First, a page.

This book discusses the diverse practices and discourses of memory politics in Russia and Eastern Europe. It argues that currently prevailing conservativism has a long tradition, which continued even in Communist times, and is different to conservatism in the West, which can accommodate other viewpoints within liberal democratic systems. It considers how important history is for conservatism, and how history is reconstituted according to changing circumstances. It goes on to examine in detail values which are key to conservatism, such as patriotism, Christianity and religious life, and the traditional model of the family, the importance of the sovereign national state within globalization, and the emphasis on a strong paternal state, featuring hierarchy, authority and political continuity. The book concludes by analysing how far states in the region are experiencing a common trend and whether different countries’ conservative narratives are reinforcing each other or are colliding.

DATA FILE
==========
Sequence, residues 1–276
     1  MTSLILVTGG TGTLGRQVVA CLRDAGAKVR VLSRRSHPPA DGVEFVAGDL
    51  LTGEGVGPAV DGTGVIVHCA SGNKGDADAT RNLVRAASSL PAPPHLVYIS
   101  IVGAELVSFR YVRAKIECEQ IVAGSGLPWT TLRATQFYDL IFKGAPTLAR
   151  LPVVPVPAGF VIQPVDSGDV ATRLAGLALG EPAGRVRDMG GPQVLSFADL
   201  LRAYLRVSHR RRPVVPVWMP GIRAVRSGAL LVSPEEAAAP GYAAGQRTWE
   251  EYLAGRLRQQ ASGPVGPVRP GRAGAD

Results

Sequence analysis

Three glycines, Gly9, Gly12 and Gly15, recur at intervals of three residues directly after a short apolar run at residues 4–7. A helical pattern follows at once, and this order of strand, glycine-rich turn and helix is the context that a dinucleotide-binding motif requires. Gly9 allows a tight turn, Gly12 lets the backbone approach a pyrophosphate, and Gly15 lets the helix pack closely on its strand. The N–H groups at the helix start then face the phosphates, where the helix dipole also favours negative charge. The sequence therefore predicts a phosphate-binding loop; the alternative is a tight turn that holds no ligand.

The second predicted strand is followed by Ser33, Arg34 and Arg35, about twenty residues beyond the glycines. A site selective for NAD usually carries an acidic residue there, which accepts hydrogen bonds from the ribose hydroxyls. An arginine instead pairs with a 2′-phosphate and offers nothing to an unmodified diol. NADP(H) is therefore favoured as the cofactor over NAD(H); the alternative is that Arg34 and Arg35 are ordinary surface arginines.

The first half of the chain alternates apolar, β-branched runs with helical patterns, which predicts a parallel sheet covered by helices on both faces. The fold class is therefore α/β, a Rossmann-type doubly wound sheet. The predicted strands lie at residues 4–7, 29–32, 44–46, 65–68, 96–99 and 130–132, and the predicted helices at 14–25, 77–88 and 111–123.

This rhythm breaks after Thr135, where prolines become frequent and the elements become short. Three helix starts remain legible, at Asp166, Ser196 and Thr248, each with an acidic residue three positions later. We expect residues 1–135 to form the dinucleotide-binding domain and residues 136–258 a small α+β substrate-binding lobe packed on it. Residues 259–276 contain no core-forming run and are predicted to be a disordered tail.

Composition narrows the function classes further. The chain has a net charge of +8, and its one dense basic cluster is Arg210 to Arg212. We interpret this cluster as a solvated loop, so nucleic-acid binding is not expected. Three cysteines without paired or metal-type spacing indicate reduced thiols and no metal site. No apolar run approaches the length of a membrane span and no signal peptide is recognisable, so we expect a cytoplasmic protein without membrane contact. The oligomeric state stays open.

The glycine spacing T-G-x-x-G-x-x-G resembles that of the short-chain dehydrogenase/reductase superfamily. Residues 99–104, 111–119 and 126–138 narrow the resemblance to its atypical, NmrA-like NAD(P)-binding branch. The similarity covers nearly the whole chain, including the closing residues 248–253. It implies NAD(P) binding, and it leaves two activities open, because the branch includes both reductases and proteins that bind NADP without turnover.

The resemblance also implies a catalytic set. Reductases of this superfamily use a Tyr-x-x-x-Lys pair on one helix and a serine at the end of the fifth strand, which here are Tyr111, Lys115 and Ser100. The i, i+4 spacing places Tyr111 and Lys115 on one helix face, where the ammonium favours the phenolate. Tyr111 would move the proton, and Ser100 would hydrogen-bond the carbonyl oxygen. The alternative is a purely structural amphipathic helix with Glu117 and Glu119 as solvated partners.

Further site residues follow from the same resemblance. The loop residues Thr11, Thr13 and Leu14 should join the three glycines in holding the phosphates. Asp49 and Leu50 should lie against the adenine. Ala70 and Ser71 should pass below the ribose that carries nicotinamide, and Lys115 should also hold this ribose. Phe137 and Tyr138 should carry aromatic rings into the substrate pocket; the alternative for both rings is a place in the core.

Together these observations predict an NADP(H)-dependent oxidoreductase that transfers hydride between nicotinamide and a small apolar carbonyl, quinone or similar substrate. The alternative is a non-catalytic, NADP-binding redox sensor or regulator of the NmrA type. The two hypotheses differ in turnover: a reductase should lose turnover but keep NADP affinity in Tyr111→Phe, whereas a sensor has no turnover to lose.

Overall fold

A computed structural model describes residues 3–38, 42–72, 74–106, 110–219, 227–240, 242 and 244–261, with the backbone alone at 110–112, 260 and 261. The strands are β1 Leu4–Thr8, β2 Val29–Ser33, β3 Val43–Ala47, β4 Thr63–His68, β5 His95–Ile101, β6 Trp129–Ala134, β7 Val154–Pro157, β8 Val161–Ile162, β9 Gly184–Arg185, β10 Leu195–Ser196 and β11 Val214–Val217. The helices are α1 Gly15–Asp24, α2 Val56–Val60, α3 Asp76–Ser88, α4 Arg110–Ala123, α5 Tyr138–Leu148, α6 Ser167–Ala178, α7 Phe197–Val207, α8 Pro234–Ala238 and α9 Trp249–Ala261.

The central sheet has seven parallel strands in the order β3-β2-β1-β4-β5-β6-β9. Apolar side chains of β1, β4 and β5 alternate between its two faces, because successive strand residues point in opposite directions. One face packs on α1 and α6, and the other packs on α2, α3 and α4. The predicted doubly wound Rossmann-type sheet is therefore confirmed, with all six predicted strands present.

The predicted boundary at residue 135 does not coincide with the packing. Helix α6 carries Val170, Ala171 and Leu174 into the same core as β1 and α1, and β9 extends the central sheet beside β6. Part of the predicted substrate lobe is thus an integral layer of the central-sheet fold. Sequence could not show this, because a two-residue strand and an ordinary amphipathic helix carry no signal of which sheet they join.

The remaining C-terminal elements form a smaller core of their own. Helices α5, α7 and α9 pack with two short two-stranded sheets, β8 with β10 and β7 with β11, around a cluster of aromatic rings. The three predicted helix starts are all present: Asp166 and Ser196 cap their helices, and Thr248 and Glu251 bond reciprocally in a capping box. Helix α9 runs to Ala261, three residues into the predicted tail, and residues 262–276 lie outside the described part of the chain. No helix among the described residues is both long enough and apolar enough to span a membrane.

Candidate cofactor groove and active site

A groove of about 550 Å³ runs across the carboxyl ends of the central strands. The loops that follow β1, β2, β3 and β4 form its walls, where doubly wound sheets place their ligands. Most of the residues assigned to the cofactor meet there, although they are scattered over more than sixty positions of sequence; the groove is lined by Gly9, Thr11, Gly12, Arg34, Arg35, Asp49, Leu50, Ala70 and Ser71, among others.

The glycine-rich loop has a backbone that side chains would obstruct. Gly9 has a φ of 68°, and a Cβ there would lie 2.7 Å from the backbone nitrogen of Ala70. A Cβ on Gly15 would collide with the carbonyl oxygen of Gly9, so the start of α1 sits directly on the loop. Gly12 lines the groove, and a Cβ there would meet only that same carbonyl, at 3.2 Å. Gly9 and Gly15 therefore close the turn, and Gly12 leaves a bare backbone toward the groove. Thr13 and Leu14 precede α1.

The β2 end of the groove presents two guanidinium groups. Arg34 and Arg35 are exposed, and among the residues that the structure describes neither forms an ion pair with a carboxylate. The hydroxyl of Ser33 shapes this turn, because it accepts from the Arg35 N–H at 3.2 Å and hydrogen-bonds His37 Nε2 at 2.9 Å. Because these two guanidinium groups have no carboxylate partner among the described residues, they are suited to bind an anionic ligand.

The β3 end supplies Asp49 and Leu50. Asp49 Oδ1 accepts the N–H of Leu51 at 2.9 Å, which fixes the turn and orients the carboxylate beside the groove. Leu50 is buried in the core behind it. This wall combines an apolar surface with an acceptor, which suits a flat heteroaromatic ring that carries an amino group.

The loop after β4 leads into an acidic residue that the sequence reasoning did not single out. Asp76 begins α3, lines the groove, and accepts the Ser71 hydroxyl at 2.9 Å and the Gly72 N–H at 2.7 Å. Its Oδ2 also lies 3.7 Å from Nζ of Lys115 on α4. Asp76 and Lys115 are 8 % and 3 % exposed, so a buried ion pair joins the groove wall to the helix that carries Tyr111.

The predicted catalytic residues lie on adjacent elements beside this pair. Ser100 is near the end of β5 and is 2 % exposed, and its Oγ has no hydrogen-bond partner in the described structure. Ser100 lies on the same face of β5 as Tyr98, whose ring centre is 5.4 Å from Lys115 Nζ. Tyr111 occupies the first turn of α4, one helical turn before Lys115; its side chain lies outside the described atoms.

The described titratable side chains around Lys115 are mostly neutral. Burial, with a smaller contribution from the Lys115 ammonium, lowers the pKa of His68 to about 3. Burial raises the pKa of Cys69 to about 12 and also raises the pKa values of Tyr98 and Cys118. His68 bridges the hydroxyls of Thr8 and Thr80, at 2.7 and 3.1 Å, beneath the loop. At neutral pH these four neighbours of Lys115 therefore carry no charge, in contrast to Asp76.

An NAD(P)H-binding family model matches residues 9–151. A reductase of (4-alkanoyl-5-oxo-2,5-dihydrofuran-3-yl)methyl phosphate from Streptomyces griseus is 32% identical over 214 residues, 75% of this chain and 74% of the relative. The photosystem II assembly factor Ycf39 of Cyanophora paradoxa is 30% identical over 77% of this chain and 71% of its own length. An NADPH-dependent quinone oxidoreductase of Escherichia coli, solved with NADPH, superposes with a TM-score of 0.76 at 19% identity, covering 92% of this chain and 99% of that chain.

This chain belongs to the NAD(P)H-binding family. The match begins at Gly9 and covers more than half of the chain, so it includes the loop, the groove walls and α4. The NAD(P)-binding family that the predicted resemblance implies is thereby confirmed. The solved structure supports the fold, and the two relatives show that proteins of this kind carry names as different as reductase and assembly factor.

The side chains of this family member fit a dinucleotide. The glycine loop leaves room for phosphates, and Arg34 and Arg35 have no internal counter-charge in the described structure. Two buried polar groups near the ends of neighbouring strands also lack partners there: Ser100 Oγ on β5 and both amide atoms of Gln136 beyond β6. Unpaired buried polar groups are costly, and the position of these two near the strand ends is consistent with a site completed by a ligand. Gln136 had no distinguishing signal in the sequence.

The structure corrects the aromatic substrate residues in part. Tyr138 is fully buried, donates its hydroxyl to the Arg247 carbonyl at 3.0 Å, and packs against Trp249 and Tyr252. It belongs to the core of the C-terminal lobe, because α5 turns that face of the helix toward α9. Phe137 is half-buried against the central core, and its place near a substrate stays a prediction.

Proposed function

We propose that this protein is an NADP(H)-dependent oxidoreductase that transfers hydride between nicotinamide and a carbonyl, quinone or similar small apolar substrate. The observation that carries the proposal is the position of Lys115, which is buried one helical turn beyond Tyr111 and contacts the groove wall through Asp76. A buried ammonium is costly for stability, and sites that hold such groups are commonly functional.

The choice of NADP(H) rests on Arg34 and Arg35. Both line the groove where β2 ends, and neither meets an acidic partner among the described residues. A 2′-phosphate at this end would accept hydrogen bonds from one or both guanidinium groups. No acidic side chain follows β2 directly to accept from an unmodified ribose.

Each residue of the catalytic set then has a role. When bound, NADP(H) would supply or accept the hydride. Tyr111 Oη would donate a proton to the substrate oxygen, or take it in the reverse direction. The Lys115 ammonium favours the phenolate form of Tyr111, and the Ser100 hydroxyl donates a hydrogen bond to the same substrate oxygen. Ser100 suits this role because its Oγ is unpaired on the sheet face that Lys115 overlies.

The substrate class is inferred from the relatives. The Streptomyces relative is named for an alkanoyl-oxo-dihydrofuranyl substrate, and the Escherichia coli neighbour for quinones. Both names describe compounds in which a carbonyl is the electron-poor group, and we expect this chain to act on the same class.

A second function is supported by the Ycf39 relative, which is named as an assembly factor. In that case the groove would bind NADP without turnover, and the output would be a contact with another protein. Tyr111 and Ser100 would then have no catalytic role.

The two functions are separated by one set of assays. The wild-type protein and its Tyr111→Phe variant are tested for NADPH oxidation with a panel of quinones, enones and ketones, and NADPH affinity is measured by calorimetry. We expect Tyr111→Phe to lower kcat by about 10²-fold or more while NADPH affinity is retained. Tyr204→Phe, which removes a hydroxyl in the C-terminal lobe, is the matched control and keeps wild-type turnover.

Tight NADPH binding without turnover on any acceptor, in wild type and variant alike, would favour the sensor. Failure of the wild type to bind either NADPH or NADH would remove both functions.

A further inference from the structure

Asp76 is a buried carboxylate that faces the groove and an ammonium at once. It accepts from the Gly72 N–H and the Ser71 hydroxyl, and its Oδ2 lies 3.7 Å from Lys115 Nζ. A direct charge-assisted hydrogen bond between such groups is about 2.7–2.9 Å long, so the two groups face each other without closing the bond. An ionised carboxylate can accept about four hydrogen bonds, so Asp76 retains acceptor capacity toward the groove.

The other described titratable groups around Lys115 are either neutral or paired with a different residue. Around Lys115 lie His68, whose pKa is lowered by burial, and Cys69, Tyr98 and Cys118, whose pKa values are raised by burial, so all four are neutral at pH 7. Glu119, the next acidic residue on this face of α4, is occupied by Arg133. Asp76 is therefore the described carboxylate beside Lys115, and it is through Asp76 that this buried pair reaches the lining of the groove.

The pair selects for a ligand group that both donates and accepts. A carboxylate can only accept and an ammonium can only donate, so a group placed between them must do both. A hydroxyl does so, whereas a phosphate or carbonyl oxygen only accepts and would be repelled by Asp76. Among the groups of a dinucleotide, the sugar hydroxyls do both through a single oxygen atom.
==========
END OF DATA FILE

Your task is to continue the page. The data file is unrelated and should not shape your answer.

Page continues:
chapter |14 pages


Conservatism and memory politics

chapter 2|20 pages

A conservative turn in a patriarchal society?

The entangled memory of female political activism in post-Soviet Russia 1

chapter 3|17 pages

Non-traditional sexual relationships

Law, forgetting, and the conservative political discourse in Russia

chapter 4|14 pages

How to conserve Kertbeny's grave?

A case of post-communist queer necrophilia

chapter 5|17 pages

Literary theosis and witnessing the Gulag

Varlam Shalamov's Kolyma Stories and Evgeni Vodolazkin's The Aviator

chapter 7|20 pages

Memory and leverage

Russia's history policing and the remembrance of 1956 in Hungary

chapter 8|19 pages

A conservative turn in Belarus?

Exploring the normative power potential of the Russian conservative agenda

chapter 9|11 pages

Serbia and Russia

Between piety and politics

chapter 10|14 pages

Paradigm change in Holocaust remembrance

Instrumentalizing conservatism

chapter 11|19 pages

Dilemma over Stalin

Confronting the Great Patriotic War and the reputation of Russia

chapter 12|22 pages

Victory Day, family style

Grassroots war commemoration, collective memory habits, and the shaping of public affect

chapter 13|16 pages

The routinisation of conservatism

Key stakeholders of patriotic education in contemporary Russia

chapter 14|20 pages

Whose turn, for whom?

Conservative values and Putin's social contract